Saturday, November 05, 2005

Agile Lifecycle Collapses the V-model upon itself

Many are familiar with the waterfall lifecycle model for software development. Fewer are familiar with the 'V' lifecycle model for software development.

These two lifecycles models are very similar. The main difference is that the 'V' model makes a deliberate attempt to "engage" stakeholders located on the back-end of the 'V' during the corresponding front-end phase:
  • During Requirements/Analysis, system testers are engaged to not only review the requirements (which they will have to test against), but also to begin developing the tests.

  • During architectural and high-level design, integrators and integration testers are engaged to review the design and the interface control specs, as well as to begin developing plans and test-cases for integration and integration-testing

  • at this point, hopefully you get the main idea ... at a given phase where deleverables are produced, the folks who are responsible for validating conformance to those specs are engaged to review the result and to begin development of their V&V plans and artifacts
When used in conjunction with Test-Driven Development (TDD), and especially with a lean focus on minimizing intermediate artifacts, the agile lifecycle in a very real sense makes the two sides of the 'V' converge to create almost a single line (instead of two lines forming a 'V'):
  • TDD attempts to use tests as the requirements themselves to the greatest extent possible

  • emphasis on lean, readable/maintainable code oftenlead to a literate programming style (e.g., JavaDocs) and/or a verbose naming convention style such that detailed design and source code are one and the same.

  • focus on simplicity and eliminating redundancy increases this trend via principles and practices such as those mentioned in the Principle of Locality of Reference Documentation and Single-Source Information)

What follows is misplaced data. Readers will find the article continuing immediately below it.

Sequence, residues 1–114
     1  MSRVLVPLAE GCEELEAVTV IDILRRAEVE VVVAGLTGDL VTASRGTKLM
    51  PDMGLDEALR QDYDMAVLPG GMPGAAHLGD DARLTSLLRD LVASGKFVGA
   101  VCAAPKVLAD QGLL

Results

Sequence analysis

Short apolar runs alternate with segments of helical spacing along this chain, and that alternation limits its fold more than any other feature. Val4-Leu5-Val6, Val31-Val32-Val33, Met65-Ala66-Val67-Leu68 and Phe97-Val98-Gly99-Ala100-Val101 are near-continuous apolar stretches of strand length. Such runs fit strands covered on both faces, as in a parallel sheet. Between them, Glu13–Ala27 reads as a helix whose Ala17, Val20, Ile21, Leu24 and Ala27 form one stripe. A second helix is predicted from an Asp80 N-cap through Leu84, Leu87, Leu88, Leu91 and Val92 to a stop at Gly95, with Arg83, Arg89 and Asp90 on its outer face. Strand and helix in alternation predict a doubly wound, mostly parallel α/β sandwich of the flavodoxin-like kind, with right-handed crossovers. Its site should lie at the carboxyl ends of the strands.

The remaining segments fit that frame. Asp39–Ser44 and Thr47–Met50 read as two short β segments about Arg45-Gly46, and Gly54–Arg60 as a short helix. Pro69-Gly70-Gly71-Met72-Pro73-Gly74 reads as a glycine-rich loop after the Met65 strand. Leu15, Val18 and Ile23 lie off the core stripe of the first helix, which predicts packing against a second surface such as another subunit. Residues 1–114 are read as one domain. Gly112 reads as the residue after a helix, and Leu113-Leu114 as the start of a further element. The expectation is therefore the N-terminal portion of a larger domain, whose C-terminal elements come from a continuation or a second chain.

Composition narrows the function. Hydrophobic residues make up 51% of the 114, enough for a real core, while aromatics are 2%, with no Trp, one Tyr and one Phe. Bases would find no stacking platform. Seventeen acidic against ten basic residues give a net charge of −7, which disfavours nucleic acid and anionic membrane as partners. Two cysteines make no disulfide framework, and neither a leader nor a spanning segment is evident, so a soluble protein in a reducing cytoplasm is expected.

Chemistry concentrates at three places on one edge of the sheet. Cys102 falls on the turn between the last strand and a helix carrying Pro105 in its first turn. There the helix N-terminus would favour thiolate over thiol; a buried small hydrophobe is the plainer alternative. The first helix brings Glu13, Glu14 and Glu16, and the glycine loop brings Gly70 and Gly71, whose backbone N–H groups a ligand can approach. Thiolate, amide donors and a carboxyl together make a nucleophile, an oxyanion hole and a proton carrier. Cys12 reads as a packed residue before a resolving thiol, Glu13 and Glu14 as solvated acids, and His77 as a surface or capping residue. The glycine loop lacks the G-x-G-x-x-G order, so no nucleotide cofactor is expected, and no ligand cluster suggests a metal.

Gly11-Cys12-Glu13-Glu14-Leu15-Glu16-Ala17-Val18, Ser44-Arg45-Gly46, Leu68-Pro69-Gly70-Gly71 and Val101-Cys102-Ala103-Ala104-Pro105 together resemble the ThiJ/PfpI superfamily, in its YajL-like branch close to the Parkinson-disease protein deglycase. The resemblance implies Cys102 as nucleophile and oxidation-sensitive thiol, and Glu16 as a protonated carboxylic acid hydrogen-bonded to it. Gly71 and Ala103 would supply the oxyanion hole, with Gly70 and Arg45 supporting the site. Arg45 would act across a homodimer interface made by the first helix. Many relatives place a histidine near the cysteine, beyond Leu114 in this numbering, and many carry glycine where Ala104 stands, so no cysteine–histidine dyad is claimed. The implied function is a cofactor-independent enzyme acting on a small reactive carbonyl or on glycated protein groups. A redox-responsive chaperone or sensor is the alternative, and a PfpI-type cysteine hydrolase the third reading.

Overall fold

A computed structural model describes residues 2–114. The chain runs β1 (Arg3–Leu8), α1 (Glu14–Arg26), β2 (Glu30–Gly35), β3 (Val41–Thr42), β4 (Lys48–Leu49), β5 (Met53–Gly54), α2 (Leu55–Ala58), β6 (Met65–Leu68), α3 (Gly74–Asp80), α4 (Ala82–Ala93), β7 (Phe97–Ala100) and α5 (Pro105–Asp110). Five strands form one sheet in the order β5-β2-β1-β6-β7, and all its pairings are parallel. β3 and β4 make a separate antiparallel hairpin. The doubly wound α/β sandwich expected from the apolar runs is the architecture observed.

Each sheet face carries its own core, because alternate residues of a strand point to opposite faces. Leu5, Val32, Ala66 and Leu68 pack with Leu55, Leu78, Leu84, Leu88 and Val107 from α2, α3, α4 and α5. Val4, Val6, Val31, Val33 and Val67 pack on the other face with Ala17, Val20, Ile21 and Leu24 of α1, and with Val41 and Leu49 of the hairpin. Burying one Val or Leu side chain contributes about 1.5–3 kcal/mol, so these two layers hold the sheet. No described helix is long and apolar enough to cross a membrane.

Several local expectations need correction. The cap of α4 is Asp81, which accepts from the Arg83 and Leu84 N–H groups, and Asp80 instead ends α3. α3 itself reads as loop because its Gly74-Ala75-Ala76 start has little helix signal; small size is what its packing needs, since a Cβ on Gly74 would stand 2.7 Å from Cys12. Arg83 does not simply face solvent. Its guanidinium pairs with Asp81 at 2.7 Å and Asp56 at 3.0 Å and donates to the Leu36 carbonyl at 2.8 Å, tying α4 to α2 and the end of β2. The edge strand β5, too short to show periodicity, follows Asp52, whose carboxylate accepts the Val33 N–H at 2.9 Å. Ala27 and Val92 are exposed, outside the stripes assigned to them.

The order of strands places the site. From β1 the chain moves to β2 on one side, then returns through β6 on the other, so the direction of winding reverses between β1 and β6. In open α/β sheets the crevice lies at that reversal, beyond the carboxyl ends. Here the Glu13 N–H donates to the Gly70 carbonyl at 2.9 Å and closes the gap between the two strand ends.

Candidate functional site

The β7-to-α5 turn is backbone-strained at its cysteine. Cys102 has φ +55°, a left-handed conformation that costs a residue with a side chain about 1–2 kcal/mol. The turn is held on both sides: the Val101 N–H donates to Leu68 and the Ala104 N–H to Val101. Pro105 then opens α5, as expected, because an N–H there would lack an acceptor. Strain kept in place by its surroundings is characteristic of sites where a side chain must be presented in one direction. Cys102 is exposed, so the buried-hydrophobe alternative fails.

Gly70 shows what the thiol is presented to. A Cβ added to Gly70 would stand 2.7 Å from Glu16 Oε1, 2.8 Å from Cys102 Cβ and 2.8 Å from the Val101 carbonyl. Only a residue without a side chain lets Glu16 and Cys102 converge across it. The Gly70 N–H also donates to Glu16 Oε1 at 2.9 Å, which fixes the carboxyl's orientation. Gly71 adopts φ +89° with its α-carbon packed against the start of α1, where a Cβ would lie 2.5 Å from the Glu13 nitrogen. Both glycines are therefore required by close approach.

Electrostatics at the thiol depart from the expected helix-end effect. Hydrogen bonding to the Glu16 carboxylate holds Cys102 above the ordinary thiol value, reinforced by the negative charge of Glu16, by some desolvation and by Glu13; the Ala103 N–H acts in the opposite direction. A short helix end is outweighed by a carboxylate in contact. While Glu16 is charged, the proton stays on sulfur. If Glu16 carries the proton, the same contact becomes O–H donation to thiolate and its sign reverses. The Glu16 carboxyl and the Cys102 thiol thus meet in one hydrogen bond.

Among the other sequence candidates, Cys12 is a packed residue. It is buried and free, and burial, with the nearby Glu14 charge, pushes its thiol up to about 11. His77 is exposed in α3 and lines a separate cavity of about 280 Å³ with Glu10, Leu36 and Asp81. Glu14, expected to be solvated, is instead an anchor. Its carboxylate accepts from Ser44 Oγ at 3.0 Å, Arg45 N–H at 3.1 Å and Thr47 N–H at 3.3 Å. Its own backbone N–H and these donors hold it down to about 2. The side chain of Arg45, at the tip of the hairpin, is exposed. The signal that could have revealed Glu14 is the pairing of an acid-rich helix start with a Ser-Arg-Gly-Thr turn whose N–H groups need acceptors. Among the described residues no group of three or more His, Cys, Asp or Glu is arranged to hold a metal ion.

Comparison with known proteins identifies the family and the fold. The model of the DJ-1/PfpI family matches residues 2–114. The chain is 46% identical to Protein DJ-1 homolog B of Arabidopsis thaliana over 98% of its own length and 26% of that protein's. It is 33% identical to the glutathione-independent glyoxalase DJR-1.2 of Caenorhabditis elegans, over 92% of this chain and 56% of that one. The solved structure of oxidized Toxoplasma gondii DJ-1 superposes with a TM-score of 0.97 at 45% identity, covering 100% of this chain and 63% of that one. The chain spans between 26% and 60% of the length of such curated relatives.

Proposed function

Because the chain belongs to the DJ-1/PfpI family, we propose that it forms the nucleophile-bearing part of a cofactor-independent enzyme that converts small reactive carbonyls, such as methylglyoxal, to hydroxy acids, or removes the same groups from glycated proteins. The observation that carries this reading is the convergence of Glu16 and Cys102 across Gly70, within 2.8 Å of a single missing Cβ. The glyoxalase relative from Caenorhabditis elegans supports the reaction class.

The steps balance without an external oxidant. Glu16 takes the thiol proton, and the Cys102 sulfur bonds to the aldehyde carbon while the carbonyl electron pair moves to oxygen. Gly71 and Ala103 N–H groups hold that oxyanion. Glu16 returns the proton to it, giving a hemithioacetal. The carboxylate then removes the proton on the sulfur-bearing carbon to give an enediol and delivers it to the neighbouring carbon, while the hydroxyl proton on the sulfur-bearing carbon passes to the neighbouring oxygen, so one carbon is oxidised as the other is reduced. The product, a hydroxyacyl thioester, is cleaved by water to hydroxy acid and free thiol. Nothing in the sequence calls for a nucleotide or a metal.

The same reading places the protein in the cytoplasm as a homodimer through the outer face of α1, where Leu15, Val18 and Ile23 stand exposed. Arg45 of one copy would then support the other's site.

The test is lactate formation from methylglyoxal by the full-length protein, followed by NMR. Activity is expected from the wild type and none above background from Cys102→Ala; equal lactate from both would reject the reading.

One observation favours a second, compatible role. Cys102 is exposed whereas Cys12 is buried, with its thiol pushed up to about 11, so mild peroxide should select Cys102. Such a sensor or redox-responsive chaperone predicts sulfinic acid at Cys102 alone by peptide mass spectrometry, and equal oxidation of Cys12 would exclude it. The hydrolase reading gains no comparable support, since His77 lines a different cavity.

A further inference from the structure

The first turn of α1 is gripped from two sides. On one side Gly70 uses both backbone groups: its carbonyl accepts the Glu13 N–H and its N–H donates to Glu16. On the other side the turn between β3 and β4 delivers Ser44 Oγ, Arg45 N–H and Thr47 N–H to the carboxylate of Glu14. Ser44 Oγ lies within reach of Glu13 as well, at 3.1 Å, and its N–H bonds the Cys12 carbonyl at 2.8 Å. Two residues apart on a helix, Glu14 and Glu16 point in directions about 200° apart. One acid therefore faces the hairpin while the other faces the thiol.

• Use of iterative development with short iterations makes the 'V' (re)start and then converge over and over again throughout the development of a release.
The result: using cross-lifecycle collaboration in combination with tests as requirements and self-documenting code as detailed design and writing tests before the code makes the ends of the 'V' model converge together so that each end practically collapses against the other in a thick, almost single line. Plus successive short iterations serve to increase the frequency of this trend.

The agile lifecycle tries to eliminate (or at least create a tessarect for) the distance between the symmetric points at each end of the V-model by making the stakeholders come together and collaborate on the same artifacts (rather than separate ones) while also working in many small vertical slices on a feature-by-feature (or story-by-story) basis. There are no separately opposing streams of workflow: just a single stream of work and workers that collaborate to deliver business value down this single stream as lean + agile as possible.

4 comments:

Glen B Alleman said...

Brad,

What is missing from the V-diagram is the horizontal connections between each box on the legs of the Vee across the open space in the Vee.

This missing element is common for some reason, but the Systems Engineering handbooks - where the Vee orginiates - have the connections.

Brad Appleton said...

Thanks Glen! If you or anyone else finds a URL to a more suitable V-model diagram, let me know about it and I will promise to update the blog-entry to point to that instead.

BTW - for anyone else reading this, Glen's "Herding Cats" blog recently had some related entries on Waterfall and Agile and More Thoughts on Waterfall

Francis Law said...

Dear Brad,

I think the approach you described is more like a W-Model.

In V-Model, testing is focused on the software and test cases is developed based on work products from previous stages. The work products from different levels help to develop test cases at different level to test the system at corresponding levels.

Brad Appleton said...

Hi Francis! I have to disagree that the Agile lifecycle resembles a W-model. In the extreme case (XP) the requirements and the tests end up being the same physical artifact. In the less extreme case, it is more like a series of 'I' in sequence, like a set of sewing sticthes :)

Some have also described Agile as more of a vvvvvvvvv Model (lots of little v's). Again I would still argue that it is not just the shortening of the lifecycle, but the close collaboration which breaks down the phase boundaries and makes the requirements and testing progress concurrently at the same time by the same set of collaborating individuals (rather than handoffs)